By Steve Schifferes
BBC News economics reporter
Many people may not know the name Ben Bernanke. But at the end of January he becomes the world's most powerful central banker when he succeeds the respected head of the US Federal Reserve, Alan Greenspan.
Current job: Chairman, Council of Economic Advisors
Former job: Professor of Economics, Princeton
Strength: Outspoken advocate of inflation targeting
Weaknesses: Limited political experience
During Mr Greenspan's long term in office, he was considered by the financial markets as a key guardian of the health of the economy, and his often-enigmatic comments were closely watched for signs of his future intentions.
Mr Greenspan was widely applauded for keeping the US economy growing during the boom of the 1990s, and for managing the crises of the dot.com crash and the 9/11 attacks while keeping the wider economy intact.
Mr Bernanke, a Princeton economist who was only appointed chairman of the council of economic advisors in June, faces a formidable task in winning the same confidence of the markets.
But that confidence - especially the belief that inflation will be kept under control - is crucial to the credibility of the US central bank.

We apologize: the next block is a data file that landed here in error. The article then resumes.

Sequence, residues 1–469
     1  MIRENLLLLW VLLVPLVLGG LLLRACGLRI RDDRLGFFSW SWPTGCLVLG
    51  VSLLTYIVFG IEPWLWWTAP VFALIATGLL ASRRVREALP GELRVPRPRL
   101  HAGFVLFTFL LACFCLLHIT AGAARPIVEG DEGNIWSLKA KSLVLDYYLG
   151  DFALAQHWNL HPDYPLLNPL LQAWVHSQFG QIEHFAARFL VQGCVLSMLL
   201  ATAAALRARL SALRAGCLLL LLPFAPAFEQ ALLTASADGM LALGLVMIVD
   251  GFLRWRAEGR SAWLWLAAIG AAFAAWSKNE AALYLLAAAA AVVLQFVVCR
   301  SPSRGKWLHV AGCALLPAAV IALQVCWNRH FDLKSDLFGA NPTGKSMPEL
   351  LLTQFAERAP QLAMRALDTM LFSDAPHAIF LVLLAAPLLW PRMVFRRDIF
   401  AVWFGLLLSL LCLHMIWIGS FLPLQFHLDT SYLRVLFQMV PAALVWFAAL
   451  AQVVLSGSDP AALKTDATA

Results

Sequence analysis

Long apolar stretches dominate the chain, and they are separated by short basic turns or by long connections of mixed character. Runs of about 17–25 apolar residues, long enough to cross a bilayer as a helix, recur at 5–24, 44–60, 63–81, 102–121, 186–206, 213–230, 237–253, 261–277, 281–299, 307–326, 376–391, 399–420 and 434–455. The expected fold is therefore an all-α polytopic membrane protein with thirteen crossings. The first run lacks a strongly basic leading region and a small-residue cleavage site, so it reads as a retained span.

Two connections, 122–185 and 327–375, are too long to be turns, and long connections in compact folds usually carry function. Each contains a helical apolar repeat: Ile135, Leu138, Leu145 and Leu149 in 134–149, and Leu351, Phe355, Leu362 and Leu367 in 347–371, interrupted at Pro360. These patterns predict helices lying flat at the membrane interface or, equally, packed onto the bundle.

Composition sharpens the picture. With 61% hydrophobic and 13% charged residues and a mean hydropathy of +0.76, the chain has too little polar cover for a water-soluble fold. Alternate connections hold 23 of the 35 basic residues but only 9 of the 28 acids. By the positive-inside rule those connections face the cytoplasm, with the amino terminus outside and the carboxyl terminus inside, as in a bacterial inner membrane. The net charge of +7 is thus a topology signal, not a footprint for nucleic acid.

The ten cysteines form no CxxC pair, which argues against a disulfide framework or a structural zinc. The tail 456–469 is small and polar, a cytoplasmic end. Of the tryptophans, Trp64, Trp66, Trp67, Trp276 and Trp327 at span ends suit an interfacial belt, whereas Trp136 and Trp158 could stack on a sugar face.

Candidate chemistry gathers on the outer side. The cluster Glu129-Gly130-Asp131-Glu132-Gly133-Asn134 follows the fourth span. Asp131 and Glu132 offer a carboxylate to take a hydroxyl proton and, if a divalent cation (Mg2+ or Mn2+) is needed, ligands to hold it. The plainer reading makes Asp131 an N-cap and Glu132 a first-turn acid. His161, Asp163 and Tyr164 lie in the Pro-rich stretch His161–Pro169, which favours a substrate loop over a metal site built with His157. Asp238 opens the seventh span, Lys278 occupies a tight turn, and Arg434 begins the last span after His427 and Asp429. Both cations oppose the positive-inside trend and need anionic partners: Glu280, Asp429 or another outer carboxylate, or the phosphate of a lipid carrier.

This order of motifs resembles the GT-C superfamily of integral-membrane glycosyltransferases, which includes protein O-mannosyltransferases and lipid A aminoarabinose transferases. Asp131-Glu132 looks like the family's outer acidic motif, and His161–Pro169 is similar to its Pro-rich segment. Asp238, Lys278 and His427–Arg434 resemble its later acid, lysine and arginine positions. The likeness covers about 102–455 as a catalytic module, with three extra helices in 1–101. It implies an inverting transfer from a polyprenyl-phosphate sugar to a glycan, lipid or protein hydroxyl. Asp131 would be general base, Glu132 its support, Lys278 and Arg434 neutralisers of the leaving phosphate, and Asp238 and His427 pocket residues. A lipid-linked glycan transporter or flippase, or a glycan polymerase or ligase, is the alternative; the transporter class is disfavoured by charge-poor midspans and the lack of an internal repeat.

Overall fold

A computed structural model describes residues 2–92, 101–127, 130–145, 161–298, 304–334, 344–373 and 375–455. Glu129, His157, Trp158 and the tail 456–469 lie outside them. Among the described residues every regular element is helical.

And that credibility is what has kept US interest low, and strong growth continuing, despite a number of worrying economic challenges.
Mr Bernanke's plan is to institutionalise that confidence by changing the way the US central bank does business.
He is a leading advocate of "inflation targeting", the idea that central banks should set a target for inflation - in the UK it is 2% - and stick to it.
This approach was opposed by Mr Greenspan, who believed central banks needed to keep the markets guessing on how tough they would be on inflation.
Mr Bernanke's approach is widely adopted in Europe, by both the Bank of England and the European Central Bank, and supporters say it has helped to lower expectations of inflation among the public.
And it has been welcomed by financial markets, which like predictability.
Higher oil prices could feed through to inflation
However, it is opposed by some the US Congress, who fear it would mean the Fed only focused on inflation-fighting, and did not consider the effect of its policies on unemployment.
So Mr Bernanke may proceed slowly on this front - although he may also publish more details of the Fed's economic forecast, which have been kept secret so far.
The new Fed chairman comes into office at a delicate moment in interest rate policy.
The Fed has raised interest rates 13 times in a row to 4.25%, and is widely expected to make another rise to 4.5% in January.
Property prices in San Francisco - and other cities - have soared
This policy is designed to cool a booming US economy, with economic growth in the most recent quarter running at 4.1% annually, and prevent any inflationary pressures building up, either from higher wages or from oil prices affecting the wider economy.
But many analysts believe that this policy has just about run its course, and with US rates higher than those in many other big economies, further rises could hurt economic growth.